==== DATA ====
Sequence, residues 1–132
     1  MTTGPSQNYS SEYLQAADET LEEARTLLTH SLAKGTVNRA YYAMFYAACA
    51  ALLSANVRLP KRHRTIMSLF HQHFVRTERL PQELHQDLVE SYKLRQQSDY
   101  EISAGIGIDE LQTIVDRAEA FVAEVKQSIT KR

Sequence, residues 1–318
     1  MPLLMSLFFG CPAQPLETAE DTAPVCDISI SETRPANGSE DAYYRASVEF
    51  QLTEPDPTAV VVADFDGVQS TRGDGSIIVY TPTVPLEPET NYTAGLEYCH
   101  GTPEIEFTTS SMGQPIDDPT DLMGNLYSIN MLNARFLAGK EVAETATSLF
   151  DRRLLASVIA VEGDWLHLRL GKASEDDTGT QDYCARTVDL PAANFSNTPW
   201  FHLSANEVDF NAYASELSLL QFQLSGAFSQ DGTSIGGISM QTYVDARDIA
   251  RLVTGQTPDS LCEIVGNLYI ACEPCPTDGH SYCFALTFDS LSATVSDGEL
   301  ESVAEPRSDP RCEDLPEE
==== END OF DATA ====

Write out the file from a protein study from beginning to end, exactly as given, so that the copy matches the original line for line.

Sequence, residues 1–132
     1  MTTGPSQNYS SEYLQAADET LEEARTLLTH SLAKGTVNRA YYAMFYAACA
    51  ALLSANVRLP KRHRTIMSLF HQHFVRTERL PQELHQDLVE SYKLRQQSDY
   101  EISAGIGIDE LQTIVDRAEA FVAEVKQSIT KR

Sequence, residues 1–318
     1  MPLLMSLFFG CPAQPLETAE DTAPVCDISI SETRPANGSE DAYYRASVEF
    51  QLTEPDPTAV VVADFDGVQS TRGDGSIIVY TPTVPLEPET NYTAGLEYCH
   101  GTPEIEFTTS SMGQPIDDPT DLMGNLYSIN MLNARFLAGK EVAETATSLF
   151  DRRLLASVIA VEGDWLHLRL GKASEDDTGT QDYCARTVDL PAANFSNTPW
   201  FHLSANEVDF NAYASELSLL QFQLSGAFSQ DGTSIGGISM QTYVDARDIA
   251  RLVTGQTPDS LCEIVGNLYI ACEPCPTDGH SYCFALTFDS LSATVSDGEL
   301  ESVAEPRSDP RCEDLPEE